It is safe to assume that digitisation will continue, and will divide the world into those, who can afford the new instruments and those, who cannot. It is already dividing the world into those, who have access to these emerging technologies and their application, and those, who do not have such access. In particular, rural and remote areas lag behind, although they could benefit the most from the easy access to electronic services. Interestingly enough, China seems to be a rare exception to this general evolution, as the state invests in the needed infrastructure nationwide and rural entrepreneurs use the Internet for marketing agricultural products.
In educational and health services the penetration of digital systems is very spotty, even in wealthy countries. This is contributing to a divide between those, who will be ready for further changes and those, who will not. It will also drive a deep dividing line between those, who have access to up-to-date medical services and those, who do not. In this context it is worth noting, that a) we need to establish minimum standards of access, competency and affordability of digital systems, and b) we need to look out and politically support those developments which can help leapfrog over the dividing lines. African societies are full of examples for such leapfrogging, e.g. mobile banking, but regrettably also for great failures, e.g. electronic voting in general elections.
Therefore what we need, first and foremost, is a political debate and decisions which weigh the advantages and disadvantages of newly emerging technologies, in order to ensure that users feel they control the use of these technologies and not someone or something else.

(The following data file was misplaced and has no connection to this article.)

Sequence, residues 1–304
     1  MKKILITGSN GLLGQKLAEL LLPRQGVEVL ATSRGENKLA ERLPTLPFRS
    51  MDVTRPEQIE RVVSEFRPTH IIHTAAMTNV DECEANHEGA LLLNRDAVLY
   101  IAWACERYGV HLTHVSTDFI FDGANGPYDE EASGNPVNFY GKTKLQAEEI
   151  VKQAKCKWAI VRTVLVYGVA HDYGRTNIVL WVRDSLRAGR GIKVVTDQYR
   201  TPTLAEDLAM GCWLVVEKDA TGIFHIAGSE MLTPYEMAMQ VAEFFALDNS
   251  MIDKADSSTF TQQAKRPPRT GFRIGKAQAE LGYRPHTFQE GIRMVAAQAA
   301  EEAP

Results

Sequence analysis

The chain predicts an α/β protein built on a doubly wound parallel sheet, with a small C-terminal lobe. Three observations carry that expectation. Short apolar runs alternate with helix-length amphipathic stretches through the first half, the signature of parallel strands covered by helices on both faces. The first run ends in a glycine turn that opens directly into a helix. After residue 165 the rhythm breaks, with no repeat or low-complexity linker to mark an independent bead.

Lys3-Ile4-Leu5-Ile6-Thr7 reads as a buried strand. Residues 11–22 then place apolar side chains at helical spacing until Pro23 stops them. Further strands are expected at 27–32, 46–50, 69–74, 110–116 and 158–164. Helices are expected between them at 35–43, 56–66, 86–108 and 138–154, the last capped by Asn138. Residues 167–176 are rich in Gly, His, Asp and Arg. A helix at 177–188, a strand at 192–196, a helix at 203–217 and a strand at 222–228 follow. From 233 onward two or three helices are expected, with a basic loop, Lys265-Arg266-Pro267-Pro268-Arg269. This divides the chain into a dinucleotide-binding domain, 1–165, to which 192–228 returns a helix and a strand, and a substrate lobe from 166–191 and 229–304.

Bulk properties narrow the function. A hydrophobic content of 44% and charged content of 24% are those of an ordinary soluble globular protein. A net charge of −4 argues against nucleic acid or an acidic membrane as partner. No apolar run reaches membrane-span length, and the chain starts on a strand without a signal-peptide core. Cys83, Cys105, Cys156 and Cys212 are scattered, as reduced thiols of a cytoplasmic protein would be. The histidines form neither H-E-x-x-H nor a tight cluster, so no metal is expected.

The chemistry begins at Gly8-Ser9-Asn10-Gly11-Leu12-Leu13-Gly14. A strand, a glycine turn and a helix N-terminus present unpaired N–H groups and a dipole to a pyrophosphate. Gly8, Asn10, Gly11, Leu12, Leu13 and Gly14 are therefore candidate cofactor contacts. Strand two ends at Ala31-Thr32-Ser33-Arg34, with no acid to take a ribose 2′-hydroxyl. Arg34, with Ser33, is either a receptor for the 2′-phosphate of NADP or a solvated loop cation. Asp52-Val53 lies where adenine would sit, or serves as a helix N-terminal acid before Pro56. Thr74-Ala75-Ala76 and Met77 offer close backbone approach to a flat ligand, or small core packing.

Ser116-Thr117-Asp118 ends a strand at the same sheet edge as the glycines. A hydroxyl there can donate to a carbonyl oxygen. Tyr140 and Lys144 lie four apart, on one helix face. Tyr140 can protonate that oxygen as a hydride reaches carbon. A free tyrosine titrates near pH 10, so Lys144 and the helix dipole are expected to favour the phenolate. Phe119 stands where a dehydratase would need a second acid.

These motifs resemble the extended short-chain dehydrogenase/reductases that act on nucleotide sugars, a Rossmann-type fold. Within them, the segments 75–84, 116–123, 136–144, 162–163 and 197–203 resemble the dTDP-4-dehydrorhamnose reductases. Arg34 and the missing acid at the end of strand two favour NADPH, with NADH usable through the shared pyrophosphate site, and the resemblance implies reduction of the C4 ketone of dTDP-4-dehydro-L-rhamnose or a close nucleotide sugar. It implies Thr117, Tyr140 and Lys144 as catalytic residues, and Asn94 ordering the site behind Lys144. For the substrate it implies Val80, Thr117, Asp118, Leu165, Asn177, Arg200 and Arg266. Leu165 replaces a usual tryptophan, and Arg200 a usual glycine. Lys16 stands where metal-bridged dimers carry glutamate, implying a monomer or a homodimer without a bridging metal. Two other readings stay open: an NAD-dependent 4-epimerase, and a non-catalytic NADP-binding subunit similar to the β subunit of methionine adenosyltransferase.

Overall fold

The socio-economic divide between the rich and the poor:
It is by now a well documented fact, that the rich get richer more quickly than the poor get less poor. Abject poverty has been greatly diminished, but new forms of poverty have emerged. Barriers to escape from social exclusion and economic vulnerability are high and seem to be getting even higher. In wealthy countries social security systems help to protect families from abject poverty, but the overall rate of such vulnerable families in the German society hovers for years around 18 percent. In less wealthy countries with no or only nascent social security systems many young people take matters in their own hands and migrate to the US, Western Europe or the Gulf states. Not all succeed, as we can read in the papers and see on TV every day. The extent of the income divide is well documented. However, what is less well documented are the drivers for the increasing inequality in our societies. Hence, we do not discuss what can be done to block these drivers, and to level the playing field so that many more people get a chance to prosper. In fact, we do not have a consensus on what constitutes prosperity. But as long as we do not have a clear idea about this, we shall continue to experience the current inequalities. Proposals to tax the rich and use such tax revenue for social welfare of the less well off members of the society receive less and less popular support. Besides, in a country like Germany roughly one third of the federal budget is today used for social security and services with limited effect on reducing social inequality. The general scepticism is thus justified. Today’s challenges are asking for new measures; the state has a vital role to play, but maybe less in financial and operative terms. I shall come back to this.